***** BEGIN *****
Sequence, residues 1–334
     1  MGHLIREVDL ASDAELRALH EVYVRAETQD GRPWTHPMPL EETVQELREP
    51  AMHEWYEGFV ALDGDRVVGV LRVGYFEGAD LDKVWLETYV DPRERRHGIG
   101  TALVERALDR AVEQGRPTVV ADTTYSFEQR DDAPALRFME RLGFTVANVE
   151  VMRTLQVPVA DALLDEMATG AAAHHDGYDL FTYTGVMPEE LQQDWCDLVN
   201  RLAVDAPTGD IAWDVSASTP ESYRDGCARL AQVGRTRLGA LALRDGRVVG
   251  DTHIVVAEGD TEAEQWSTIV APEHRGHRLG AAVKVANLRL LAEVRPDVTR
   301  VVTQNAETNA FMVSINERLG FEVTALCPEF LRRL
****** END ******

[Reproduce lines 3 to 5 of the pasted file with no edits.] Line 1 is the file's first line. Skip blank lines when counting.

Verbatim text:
    51  AMHEWYEGFV ALDGDRVVGV LRVGYFEGAD LDKVWLETYV DPRERRHGIG
   101  TALVERALDR AVEQGRPTVV ADTTYSFEQR DDAPALRFME RLGFTVANVE
   151  VMRTLQVPVA DALLDEMATG AAAHHDGYDL FTYTGVMPEE LQQDWCDLVN